When someone uses your name or likeness without your permission

| Sep 18, 2020 | Entertainment Law |

California has laws in place that protect you from having individuals or companies use your name or likeness for commercial or exploitative purposes without your consent. As a resident, you maintain statutory as well as common law rights in this regard. If anyone infringes upon these rights, you may have legal recourse.

According to the Digital Media Law Project, everyone in California has an entitlement to a right of publicity, although you may have more to protect if you are in the public eye.

The right of publicity

The right of publicity means that you, and only you, maintain control over the commercial value of your name, image, voice and signature. If someone uses one of your identifiers to attempt to make a profit, this may constitute a statutory violation.

A common law right violation differs from a statutory one in that you may, in some circumstances, be able to hold an offender accountable for using your likeness or other identifiers for non-commercial purposes. However, common law cases that do not involve commercial allegations are sometimes difficult to pursue because of issues surrounding First Amendment rights.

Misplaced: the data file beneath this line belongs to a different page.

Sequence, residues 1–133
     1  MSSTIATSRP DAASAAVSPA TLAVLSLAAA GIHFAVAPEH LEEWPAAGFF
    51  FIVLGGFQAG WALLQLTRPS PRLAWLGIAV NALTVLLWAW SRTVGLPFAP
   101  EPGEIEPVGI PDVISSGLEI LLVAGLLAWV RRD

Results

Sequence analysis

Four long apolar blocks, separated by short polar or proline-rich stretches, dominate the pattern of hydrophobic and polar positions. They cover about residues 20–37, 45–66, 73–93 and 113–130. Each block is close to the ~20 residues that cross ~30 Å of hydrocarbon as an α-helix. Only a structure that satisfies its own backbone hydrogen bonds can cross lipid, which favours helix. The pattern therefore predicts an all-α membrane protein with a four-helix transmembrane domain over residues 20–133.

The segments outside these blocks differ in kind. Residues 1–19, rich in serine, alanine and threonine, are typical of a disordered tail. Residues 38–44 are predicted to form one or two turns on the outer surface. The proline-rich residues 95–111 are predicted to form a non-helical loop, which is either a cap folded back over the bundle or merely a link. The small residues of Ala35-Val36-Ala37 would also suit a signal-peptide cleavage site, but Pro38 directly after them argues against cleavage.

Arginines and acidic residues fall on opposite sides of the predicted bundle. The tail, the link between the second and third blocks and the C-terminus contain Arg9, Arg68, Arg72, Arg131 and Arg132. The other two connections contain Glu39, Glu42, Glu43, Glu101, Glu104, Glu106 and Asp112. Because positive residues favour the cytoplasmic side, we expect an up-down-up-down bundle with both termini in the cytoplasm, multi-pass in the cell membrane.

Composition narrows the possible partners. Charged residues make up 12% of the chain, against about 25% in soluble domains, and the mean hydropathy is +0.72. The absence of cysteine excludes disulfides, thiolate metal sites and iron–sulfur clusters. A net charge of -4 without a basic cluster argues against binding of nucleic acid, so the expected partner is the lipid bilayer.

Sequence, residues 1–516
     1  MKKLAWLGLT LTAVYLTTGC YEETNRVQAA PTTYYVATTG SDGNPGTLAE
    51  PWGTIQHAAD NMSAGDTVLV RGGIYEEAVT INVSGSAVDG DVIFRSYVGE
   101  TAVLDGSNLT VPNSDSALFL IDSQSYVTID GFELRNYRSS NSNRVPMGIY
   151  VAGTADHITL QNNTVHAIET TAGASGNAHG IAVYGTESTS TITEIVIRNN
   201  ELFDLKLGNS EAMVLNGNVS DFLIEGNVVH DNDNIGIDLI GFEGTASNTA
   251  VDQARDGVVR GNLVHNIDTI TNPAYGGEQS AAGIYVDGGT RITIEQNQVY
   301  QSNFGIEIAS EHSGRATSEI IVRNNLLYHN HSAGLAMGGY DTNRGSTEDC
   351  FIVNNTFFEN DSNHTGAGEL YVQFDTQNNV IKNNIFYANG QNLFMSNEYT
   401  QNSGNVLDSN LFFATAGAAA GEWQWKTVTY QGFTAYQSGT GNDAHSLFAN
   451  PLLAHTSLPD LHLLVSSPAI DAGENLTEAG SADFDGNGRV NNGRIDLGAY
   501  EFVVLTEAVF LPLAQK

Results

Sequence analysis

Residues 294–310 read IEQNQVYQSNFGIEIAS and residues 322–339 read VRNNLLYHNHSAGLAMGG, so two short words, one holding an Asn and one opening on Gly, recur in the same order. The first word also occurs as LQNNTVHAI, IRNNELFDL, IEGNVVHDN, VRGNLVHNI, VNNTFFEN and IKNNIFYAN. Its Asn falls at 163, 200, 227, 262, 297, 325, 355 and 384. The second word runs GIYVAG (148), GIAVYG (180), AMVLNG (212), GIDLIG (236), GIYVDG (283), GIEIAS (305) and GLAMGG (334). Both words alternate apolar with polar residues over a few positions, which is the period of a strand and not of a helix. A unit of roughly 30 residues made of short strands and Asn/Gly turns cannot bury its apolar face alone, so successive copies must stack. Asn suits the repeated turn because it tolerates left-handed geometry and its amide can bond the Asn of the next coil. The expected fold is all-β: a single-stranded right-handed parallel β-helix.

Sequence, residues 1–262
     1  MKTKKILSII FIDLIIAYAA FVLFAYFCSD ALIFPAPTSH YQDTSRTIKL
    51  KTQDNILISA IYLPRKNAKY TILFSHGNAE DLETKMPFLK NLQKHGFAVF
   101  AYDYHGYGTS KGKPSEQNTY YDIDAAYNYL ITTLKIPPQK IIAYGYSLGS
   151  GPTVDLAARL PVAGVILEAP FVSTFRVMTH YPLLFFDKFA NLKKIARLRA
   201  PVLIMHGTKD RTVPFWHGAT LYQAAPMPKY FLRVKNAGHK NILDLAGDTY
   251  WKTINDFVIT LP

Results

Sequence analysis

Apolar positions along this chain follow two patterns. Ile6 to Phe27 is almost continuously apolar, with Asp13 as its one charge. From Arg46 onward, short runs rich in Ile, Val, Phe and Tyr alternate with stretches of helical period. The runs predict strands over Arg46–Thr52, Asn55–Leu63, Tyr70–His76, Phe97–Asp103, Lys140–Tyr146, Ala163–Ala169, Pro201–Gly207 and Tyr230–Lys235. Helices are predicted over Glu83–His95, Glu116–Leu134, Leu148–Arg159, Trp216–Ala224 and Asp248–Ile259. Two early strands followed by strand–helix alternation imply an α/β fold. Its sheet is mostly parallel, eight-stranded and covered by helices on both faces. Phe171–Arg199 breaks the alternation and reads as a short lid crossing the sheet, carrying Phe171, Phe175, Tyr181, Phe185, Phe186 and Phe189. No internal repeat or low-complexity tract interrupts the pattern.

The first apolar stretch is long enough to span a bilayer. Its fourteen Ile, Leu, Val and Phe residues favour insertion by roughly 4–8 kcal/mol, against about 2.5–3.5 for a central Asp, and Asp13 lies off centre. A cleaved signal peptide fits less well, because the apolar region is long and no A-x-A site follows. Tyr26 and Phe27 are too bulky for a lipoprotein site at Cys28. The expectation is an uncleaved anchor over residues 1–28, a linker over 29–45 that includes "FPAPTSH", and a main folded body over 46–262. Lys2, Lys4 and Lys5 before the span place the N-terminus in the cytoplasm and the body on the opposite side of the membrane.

Recourse for violations

You have the option of pursuing claims for statutory as well as common law violations. You may attempt to hold the offender responsible for any financial losses you suffered due to the violation. You may also be able to secure any profits he or she made while using your likeness without your permission.

In some cases, such as those where someone uses your likeness or identifiers in a manner that is oppressive, fraudulent or malicious, you may also be able to seek punitive damages.

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